A tiny arms race between bacteria and the viruses that attack them inside the gut could eventually offer a new way to treat out-of-balance microbiomes.
In a world first, Monash University researchers have identified a key biomolecule that enhances the repair of your gut lining by prompting stem cells to regenerate damaged tissue.
Researchers from the University of Melbourne and St Vincent's Hospital in Australia have conducted a trial involving 144 patients to compare the effectiveness of a multidisciplinary clinic - involving gastroenterologists, dieticians, psychiatrists and physiotherapists - with usual gastroenterology specialist-only care.
UC Davis researchers have found that combining a Western-style high-fat diet with antibiotic use significantly increases the risk of developing pre- inflammatory bowel disease. This combination shuts down the mitochondria in cells of the colon lining, leading to gut inflammation. Mesalazine can help restart the mitochondria and treat pre-IBD condition.
The individual mix of microorganisms in the human gastrointestinal tract provides vital clues as to how any future incidence of type 2 diabetes can be predicted, prevented and treated. This is demonstrated in a population study led from the University of Gothenburg, Sweden.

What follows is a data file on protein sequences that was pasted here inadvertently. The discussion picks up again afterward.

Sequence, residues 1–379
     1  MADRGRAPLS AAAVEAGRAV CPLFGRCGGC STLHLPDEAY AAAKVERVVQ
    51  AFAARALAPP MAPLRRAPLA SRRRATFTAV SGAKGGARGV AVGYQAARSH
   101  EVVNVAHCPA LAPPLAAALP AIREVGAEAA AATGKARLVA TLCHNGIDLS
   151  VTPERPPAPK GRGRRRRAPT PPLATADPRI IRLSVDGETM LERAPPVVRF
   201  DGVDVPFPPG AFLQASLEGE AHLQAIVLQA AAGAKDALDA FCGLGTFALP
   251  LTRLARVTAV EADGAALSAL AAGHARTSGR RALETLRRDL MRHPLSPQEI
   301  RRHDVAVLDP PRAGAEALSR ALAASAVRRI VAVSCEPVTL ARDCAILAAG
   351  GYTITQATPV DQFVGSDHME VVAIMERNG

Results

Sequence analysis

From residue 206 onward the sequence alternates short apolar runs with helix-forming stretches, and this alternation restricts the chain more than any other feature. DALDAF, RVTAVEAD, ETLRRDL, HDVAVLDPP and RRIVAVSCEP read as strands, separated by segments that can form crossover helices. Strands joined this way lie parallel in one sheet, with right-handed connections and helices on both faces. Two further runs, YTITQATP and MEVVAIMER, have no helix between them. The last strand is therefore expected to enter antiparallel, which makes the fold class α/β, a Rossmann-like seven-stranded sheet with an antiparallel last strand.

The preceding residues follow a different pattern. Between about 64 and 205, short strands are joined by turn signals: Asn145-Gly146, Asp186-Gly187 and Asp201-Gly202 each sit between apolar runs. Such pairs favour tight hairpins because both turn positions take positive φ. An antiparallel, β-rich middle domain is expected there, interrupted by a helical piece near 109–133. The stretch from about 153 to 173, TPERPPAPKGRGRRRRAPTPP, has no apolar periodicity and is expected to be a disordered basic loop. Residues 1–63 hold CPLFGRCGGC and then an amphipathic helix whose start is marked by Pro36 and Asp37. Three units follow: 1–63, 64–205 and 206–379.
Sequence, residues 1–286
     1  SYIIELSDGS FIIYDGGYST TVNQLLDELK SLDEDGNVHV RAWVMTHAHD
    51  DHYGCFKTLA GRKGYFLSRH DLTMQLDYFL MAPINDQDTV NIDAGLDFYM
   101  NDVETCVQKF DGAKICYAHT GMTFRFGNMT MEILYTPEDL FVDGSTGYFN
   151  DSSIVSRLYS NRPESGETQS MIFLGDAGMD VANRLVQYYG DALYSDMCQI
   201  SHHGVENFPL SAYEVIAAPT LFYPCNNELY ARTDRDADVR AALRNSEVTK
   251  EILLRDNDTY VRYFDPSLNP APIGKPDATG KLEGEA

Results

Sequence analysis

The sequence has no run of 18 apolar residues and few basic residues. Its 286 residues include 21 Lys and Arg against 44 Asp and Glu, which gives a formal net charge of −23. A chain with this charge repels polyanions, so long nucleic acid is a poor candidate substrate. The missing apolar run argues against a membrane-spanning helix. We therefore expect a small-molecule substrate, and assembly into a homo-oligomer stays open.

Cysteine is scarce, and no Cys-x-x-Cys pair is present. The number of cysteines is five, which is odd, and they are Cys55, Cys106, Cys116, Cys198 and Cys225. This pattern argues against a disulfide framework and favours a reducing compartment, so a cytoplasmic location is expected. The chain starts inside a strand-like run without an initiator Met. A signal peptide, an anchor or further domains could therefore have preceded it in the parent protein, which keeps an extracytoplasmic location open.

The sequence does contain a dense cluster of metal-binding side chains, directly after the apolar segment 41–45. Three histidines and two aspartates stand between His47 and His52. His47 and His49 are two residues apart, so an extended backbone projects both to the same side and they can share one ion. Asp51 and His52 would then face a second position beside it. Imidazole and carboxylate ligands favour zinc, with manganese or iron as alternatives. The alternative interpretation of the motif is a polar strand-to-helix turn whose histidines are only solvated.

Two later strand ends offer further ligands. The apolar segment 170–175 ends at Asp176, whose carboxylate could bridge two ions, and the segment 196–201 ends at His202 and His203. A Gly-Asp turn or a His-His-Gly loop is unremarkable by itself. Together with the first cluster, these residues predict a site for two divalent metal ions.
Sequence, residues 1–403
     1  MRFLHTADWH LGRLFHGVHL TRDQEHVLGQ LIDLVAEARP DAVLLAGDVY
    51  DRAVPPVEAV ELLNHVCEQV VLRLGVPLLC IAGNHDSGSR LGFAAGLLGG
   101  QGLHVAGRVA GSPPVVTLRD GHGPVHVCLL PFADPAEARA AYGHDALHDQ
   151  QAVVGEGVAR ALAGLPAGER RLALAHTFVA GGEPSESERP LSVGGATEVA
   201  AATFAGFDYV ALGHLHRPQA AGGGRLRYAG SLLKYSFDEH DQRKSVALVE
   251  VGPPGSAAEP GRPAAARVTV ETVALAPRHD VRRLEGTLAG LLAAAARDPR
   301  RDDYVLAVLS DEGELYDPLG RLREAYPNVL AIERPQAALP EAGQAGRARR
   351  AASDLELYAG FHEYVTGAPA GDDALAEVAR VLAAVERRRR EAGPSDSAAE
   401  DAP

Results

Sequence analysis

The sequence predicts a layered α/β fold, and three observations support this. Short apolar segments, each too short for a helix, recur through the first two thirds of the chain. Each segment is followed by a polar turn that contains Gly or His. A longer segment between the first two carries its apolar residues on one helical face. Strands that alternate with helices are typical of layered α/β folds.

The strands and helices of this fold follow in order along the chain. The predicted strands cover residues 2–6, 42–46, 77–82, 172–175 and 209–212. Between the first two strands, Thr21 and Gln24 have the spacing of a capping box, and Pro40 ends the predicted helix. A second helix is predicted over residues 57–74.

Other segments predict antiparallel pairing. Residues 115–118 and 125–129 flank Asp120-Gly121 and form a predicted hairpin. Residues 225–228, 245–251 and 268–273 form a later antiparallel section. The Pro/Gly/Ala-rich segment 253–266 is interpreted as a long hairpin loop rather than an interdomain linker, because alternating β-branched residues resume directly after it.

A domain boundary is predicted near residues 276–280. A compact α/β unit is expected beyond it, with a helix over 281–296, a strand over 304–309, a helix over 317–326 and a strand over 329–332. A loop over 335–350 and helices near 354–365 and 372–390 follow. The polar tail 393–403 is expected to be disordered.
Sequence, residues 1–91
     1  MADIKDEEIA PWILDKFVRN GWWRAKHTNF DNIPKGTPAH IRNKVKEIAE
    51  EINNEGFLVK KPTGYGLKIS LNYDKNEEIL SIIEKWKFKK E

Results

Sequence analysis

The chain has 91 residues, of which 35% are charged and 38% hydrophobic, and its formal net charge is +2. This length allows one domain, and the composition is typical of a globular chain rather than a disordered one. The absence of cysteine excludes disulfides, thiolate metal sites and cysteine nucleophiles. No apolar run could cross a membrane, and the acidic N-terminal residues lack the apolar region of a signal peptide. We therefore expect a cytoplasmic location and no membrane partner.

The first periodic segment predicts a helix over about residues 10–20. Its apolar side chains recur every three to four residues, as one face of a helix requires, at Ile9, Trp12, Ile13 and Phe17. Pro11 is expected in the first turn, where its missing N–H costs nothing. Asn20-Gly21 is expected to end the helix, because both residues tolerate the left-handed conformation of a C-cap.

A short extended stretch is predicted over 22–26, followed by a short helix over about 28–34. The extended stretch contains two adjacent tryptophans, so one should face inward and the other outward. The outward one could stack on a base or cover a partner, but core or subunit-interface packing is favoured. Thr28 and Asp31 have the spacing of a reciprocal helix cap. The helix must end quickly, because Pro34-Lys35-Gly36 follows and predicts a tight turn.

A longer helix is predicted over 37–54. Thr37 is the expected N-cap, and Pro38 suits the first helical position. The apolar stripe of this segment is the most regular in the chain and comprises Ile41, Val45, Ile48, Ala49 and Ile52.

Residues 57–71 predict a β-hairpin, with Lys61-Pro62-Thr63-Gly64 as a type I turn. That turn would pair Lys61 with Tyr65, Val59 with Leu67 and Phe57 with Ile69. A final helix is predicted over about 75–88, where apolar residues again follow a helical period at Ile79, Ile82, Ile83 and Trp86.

Based on their experience treating COVID-19, Columbia physicians have assembled critical information about the coronavirus's effects on organs outside the lungs.
A suite of articles in The Journal of Infectious Diseases contains the first swath of important data from the world's largest study of cardiovascular disease (CVD) prevention in people with HIV.
Scientists from the Vaccine and Infectious Disease Organization-International Vaccine Centre (VIDO-InterVac) at the University of Saskatchewan (USask) and Temple University (Philadelphia, US) have demonstrated that a Salmonella biofilm protein can cause autoimmune responses and arthritis in animals.
Researchers have added fresh evidence that early exposure to vaccine-, bacterial- or microbiota-derived antigens has a dramatic effect on the diversity of antibodies an adult mammal will have to fight future infections by pathogens. This antibody diversity is called the clonal repertoire -- basically different single cells with distinct antibody potential that can multiply into a large clone of cells, all producing that distinct antibody.
Researchers at the Lewis Katz School of Medicine at Temple University (LKSOM) show that in mice infected with Salmonella enterica Typhimurium - a common cause of food-borne diarrheal illness - curli amyloid provokes the generation of autoantibodies and joint inflammation. The most damaging of these effects were linked to systemic exposure to curli, revealing a hidden harm inflicted by bacterial components that escape the intestinal tract.